Every year, more than 5,000 people in the United States are diagnosed with amyotrophic lateral sclerosis (ALS), typically between the ages of 40 and 70. While everyone with ALS develops muscle weakness, the earliest symptoms are different for each person. William Shankle, MS, MD, FACP, and the team at Shankle Clinic in Newport Beach, California, perform the testing needed to determine if you have ALS or another condition, and then they develop a customized treatment that helps you maintain function longer. At the first sign of muscle problems, call the office or book an appointment online.
ALS is a neurodegenerative disease that occurs when motor nerves in your brain and spinal cord deteriorate and die. Motor nerves carry messages from your brain to muscles throughout your body.
As these nerves die, ALS affects voluntary muscle movements that allow you to move, speak, eat, and breathe. ALS is a progressive and fatal disease for which there’s currently no cure.
There are two types of ALS. Sporadic ALS causes 90-95% of all cases and doesn’t have a known cause. Familial ALS develops due to an inherited genetic mutation.
ALS symptoms typically develop slowly and then progressively worsen over the course of three to 10 or more years. Your symptoms may begin in muscles that control speech and swallowing, or they may first appear in your arms or legs.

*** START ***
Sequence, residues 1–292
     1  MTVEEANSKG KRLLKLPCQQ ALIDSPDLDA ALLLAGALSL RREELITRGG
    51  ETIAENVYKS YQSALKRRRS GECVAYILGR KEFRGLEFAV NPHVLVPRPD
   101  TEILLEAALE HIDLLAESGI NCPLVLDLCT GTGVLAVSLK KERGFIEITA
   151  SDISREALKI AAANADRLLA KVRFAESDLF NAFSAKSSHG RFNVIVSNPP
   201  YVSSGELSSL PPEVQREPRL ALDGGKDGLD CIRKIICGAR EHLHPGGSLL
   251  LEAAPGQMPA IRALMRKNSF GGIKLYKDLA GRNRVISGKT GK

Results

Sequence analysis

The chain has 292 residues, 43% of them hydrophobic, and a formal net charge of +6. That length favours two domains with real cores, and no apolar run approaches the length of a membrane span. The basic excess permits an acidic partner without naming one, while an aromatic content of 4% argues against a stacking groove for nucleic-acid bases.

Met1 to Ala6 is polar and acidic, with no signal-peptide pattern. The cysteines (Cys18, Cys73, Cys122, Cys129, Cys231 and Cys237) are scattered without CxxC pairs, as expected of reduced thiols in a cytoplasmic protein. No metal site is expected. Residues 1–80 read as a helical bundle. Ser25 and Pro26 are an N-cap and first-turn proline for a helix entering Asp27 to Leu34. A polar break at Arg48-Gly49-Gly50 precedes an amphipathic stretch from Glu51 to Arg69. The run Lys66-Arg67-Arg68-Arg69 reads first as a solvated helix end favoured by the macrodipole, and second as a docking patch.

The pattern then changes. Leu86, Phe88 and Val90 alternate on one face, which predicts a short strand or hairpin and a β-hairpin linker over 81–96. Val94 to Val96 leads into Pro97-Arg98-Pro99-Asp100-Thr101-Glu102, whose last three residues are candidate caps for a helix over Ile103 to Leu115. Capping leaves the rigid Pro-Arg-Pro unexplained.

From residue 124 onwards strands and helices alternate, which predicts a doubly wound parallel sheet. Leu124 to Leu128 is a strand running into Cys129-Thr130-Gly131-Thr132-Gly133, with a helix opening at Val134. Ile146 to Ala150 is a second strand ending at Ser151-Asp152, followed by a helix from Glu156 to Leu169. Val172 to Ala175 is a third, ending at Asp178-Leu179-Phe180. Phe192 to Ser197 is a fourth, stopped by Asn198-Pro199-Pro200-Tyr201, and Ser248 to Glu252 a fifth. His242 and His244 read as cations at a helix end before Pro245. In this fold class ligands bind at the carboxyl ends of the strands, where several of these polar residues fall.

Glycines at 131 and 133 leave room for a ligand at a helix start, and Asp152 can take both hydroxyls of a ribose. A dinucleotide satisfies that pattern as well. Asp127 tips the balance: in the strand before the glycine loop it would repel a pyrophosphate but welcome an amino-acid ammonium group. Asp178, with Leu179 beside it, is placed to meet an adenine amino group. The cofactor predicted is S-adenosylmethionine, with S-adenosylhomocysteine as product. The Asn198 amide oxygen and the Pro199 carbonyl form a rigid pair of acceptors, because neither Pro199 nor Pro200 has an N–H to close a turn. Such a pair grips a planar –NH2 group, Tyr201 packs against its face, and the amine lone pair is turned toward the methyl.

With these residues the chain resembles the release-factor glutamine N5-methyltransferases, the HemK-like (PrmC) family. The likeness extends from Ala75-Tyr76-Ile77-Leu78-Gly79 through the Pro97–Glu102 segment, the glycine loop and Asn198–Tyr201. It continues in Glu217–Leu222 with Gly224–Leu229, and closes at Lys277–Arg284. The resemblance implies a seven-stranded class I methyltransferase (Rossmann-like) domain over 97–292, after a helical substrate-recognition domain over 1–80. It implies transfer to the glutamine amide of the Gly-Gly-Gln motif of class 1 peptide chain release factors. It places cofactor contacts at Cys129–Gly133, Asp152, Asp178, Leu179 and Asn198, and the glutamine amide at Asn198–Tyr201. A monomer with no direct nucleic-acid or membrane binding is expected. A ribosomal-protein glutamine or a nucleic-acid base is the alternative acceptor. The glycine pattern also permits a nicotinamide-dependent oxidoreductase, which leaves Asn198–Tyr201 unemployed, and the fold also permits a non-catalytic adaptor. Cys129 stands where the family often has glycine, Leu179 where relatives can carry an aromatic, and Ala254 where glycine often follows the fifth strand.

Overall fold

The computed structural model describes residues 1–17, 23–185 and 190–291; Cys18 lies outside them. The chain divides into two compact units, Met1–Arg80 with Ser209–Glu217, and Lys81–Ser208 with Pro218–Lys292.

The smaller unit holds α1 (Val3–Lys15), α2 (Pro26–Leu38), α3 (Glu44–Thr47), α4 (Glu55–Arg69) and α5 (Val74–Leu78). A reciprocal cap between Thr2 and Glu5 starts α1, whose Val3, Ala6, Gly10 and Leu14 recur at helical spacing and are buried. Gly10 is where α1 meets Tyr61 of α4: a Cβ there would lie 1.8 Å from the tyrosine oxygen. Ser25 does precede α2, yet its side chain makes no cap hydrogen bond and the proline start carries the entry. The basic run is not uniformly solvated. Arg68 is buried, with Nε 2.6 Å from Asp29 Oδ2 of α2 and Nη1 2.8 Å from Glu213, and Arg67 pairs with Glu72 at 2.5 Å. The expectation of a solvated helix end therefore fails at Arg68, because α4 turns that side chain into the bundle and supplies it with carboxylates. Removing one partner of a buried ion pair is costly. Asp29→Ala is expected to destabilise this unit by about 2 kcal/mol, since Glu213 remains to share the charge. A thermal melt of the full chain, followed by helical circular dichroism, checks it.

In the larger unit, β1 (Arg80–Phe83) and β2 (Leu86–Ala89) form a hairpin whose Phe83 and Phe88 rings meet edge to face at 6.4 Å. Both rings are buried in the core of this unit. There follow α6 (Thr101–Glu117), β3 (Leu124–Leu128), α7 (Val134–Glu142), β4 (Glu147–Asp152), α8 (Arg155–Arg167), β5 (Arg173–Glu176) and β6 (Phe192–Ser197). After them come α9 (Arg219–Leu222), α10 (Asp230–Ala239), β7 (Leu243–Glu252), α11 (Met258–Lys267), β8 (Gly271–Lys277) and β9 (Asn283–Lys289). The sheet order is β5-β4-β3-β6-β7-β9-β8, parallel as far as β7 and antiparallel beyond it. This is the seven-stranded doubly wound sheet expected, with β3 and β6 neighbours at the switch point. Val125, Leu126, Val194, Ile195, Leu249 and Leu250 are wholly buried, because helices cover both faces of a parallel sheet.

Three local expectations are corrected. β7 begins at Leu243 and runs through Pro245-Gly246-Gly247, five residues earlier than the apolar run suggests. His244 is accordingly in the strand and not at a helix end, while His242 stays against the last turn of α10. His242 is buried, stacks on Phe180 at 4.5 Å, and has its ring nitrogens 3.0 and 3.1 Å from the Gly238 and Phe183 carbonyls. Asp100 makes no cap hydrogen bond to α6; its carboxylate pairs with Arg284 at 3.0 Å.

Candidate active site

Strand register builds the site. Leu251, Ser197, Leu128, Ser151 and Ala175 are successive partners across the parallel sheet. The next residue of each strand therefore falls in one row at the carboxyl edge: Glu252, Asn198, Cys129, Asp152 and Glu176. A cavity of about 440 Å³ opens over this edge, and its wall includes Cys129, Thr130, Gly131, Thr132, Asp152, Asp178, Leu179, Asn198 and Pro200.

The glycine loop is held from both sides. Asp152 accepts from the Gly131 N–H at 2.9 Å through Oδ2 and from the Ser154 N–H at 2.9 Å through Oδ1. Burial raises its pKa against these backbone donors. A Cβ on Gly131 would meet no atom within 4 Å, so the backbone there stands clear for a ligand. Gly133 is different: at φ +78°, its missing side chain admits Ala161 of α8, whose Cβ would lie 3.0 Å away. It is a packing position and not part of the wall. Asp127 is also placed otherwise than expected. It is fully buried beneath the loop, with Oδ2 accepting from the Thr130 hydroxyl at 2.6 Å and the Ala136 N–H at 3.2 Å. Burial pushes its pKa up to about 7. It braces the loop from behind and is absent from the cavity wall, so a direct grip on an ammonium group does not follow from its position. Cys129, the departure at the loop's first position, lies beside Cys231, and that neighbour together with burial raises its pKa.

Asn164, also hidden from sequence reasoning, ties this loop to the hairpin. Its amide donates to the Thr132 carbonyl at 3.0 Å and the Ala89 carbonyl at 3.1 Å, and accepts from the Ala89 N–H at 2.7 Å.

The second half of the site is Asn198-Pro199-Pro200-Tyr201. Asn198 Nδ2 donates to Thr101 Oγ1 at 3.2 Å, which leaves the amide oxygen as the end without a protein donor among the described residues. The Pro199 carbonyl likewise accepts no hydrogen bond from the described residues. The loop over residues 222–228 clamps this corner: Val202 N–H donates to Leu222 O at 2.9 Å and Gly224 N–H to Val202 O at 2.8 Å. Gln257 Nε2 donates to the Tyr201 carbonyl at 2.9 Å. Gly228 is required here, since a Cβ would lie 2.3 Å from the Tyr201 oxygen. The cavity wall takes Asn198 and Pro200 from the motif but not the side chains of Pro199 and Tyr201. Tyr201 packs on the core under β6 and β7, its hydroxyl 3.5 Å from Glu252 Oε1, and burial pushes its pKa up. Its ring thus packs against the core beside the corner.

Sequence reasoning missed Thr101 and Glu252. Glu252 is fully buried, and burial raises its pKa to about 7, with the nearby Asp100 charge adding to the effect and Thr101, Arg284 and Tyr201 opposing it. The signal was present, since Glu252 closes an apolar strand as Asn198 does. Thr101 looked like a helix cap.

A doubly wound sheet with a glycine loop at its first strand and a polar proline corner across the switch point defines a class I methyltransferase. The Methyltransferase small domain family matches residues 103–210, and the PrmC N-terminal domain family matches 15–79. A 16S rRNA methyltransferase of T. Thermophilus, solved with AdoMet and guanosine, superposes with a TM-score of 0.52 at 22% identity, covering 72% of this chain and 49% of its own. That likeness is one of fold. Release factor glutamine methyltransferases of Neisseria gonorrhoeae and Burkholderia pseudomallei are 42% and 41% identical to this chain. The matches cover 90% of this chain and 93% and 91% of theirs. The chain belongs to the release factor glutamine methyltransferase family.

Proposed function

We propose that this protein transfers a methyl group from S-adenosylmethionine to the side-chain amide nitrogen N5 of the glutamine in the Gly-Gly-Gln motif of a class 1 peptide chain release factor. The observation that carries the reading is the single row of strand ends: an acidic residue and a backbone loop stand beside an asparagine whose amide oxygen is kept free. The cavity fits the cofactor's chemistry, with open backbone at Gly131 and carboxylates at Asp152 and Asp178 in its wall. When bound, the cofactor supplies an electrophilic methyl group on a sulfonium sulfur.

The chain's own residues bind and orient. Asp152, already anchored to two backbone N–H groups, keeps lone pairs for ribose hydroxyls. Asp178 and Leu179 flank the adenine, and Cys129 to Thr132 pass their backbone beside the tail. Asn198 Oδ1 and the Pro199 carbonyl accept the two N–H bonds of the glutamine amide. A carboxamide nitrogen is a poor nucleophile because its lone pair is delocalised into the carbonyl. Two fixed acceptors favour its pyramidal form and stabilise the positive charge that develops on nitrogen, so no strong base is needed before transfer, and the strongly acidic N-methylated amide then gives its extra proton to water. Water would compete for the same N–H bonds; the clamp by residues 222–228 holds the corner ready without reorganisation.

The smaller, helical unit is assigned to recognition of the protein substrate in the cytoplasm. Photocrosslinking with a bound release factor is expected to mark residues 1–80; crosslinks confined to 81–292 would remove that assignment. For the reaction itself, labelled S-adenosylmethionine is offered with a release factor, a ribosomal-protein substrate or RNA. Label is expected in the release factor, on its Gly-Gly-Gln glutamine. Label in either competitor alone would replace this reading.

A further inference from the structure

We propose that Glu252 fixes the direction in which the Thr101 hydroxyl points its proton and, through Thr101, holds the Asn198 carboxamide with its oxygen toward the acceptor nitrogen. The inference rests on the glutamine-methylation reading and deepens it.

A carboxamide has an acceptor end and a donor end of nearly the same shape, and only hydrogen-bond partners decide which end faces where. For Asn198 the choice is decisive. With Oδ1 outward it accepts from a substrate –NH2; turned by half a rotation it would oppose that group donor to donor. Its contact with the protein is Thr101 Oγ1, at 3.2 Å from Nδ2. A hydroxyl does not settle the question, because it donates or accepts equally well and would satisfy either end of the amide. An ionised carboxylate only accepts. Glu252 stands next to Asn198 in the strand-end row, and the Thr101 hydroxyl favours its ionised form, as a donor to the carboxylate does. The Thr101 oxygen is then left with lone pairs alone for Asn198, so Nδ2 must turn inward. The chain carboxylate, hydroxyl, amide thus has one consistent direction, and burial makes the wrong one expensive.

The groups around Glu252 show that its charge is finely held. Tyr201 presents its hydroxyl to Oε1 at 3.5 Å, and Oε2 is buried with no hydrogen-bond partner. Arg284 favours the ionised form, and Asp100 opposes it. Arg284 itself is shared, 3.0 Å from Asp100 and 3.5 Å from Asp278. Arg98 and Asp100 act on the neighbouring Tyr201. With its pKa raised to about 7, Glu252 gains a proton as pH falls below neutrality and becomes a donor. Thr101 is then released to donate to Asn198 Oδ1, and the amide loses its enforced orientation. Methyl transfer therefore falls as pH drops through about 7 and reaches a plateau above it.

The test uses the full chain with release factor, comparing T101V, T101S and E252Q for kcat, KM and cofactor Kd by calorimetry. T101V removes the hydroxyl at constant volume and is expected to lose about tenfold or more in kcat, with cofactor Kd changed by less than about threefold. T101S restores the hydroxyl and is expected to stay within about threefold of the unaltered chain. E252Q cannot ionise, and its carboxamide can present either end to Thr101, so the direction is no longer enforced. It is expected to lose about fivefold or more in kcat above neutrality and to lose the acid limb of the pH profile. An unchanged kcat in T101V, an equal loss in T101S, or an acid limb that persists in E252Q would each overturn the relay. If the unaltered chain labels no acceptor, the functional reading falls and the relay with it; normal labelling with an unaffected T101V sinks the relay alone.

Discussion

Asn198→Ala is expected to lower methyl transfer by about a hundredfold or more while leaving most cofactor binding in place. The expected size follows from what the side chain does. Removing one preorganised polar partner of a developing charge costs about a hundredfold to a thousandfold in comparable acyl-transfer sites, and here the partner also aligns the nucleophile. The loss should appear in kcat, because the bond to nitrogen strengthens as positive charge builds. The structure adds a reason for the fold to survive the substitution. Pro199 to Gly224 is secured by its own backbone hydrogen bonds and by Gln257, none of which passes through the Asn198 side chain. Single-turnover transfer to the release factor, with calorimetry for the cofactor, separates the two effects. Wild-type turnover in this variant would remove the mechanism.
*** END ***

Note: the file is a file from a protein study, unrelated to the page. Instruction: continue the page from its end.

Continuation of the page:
The first symptoms and patterns of progression are different for each person. However, progressive muscle weakness and paralysis affect everyone.
The symptoms caused by ALS include:
You may have trouble gripping or lifting objects like a coffee cup. You may also notice a change in pitch when you speak.
After reviewing your medical history and conducting a physical exam, your provider may order diagnostic tests such as an MRI or blood work. He may also perform an electromyogram and nerve conduction studies to evaluate nerve function in your muscles.
Once you’re diagnosed with ALS, the team at Shankle Clinic focuses on minimizing your symptoms, prolonging your life, and improving your quality of life.
The US Food and Drug Administration has approved several drugs to treat the symptoms of ALS, including:
In addition to ALS medications, the team at Shankle Clinic may also prescribe medications to relieve muscle cramping. You can depend on them to provide support for all aspects of your health.
They also help you find other therapies to manage your symptoms, such as physical, speech, respiratory, and nutritional therapies.
If you notice muscle weakness or changes in your coordination, call Shankle Clinic or schedule an appointment online.